The New York Times rambles, and mangles mortgages along the way

The New York Times rambles, and mangles mortgages along the way

Mortgage finance and mortgage regulation aren’t the paper’s strong suits

WATCH: Trulia stages haunted house for unsuspecting homebuyers

'Tis the season. For screaming.

10 reasons why people don’t get a mortgage

It’s not just because of finances
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Ginnie Mae calls 2011 'best year yet'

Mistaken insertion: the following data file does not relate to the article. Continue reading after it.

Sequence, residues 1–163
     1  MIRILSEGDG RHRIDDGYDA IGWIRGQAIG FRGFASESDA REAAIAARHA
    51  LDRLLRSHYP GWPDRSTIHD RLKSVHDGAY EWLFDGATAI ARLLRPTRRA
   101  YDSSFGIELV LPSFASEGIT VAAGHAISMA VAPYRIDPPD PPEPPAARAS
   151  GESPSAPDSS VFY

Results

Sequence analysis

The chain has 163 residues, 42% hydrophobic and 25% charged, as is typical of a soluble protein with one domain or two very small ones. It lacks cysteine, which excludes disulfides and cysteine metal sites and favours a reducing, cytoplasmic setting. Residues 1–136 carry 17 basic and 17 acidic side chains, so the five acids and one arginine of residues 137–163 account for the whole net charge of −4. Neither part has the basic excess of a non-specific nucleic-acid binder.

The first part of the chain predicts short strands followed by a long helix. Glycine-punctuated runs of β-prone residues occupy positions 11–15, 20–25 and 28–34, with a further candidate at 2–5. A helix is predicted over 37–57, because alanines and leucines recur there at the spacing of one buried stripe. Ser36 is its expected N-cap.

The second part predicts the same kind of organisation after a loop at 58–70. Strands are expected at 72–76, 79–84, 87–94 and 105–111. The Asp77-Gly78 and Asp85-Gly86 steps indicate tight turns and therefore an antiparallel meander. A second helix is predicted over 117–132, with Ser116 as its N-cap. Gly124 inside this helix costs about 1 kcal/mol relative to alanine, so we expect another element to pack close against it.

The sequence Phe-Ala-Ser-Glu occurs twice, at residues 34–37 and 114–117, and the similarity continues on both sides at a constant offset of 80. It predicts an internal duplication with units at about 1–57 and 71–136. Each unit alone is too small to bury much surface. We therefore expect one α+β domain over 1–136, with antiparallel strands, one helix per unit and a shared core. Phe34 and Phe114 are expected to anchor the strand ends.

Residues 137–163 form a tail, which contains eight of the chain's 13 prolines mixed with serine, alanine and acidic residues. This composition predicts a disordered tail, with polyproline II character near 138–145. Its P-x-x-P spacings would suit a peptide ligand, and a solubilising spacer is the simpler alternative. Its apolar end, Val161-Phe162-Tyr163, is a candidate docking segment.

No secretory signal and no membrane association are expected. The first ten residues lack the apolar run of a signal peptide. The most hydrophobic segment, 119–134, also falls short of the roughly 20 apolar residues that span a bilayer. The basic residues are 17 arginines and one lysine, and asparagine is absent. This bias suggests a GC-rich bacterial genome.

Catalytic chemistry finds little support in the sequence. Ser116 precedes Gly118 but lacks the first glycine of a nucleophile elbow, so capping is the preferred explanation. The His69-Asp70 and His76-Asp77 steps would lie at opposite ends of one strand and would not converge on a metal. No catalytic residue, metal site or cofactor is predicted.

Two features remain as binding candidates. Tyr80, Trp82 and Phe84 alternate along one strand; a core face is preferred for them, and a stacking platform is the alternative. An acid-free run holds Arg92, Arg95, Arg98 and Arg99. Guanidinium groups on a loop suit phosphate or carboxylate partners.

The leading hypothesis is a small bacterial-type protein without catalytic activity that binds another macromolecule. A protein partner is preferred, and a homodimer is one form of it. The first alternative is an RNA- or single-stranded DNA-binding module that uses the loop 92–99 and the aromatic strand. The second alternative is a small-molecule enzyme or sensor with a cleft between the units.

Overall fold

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Ginnie Mae reported $1.18 billion in net income for the fiscal year 2011, more than double the $541 million the year before. Ginnie guarantees timely payment of principal of interest on securities backed primarily by Federal Housing Administration and Veterans Affairs loans. The previous earnings high came at $906 million in 2008. Revenues slightly increased to $1.06 billion. "Ginnie Mae has had a remarkable year; it’s our best yet," said Ginnie President Ted Tozer. "Our financial performance this fiscal year – despite a mortgage market still in turmoil – is a testament to our well-functioning business model." Ginnie financed nearly 60% of all home purchases in its fiscal year ended 2011. It guaranteed $1.3 trillion or 4.8 million loans since the crisis struck in 2007. Lawmakers are currently working to restore private capital as the largest financier of U.S. mortgages. Combined with Fannie Mae and Freddie Mac, the government backs roughly 95% of all home loans. But while Fannie and Freddie continue to hemorrhage losses and require bailouts, Ginnie is breaking records. "Our business is simple, our approach to risk-taking is conservative, and our ability to finance government-insured mortgages is helping to keep the housing market afloat," Tozer said. Write to Jon Prior. Follow him on Twitter @JonAPrior.

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